- Columbia University will not participate in U.S. News and World Report’s upcoming Best Colleges rankings after one of its professors challenged the validity of the data submitted to the publication.
- The New York Ivy League institution said Thursday it had begun a review of the allegations made by mathematics professor Michael Thaddeus earlier this year but had not completed the probe by the July 1 deadline to send information to U.S. News.
- Columbia Provost Mary Boyce did not provide a timeline for finishing its investigation but said in a statement the university “will take no shortcuts in getting it right.”
Columbia dropping out of next year’s rankings follows recent scandals linked to the database, which many college officials say plays an outsized role influencing opinions of prospective students and families, despite its perceived flaws.
Earlier this year, the top-ranked University of Southern California pulled out of the graduate school rankings for its Rossier School of Education after an investigation found its dean had facilitated the submission of false information to the magazine dating to at least 2013.
Also this year, a former Temple University business school dean was sentenced to 14 months in prison and ordered to pay a $250,000 fine after being found guilty of falsifying data about the school’s business degree programs to U.S. News.
Thaddeus, the Columbia mathematics professor, first raised questions in February about the data the institution provides to U.S. News.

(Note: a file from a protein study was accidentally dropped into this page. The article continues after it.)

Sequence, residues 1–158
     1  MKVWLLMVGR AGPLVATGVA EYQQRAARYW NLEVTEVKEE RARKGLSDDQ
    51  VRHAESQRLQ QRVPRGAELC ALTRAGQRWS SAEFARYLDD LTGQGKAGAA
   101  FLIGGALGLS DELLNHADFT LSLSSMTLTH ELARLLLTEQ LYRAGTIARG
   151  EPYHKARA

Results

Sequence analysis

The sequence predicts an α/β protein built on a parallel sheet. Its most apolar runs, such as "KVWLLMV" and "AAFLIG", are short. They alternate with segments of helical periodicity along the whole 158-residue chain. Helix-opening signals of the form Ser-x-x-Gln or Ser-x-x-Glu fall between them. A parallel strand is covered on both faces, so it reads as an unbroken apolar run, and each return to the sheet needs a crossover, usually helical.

He collected evidence that Columbia had fudged information about several factors used to determine the rankings, including undergraduate class sizes and how much it spends on instruction. Thaddeus compared the public-facing data in U.S. News’ rankings to data Columbia had released in financial statements and other sources.
The Ivy League school at first had defended the veracity of its data. But in a statement Thursday, Provost Boyce said the university had “long conducted what we believed to be a thorough process for gathering and reporting institutional data, but we are now closely reviewing our processes in light of the questions raised.”
Instead, Columbia will publish a set of statistics in the fall, which it said will contain much of the same background found in its U.S. News profile.
U.S. News’ forthcoming rankings are due to be released in September. Columbia had occupied the No. 2 spot on the most recent version of the list.
A spokesperson for U.S. News did not immediately respond to a request for comment Friday.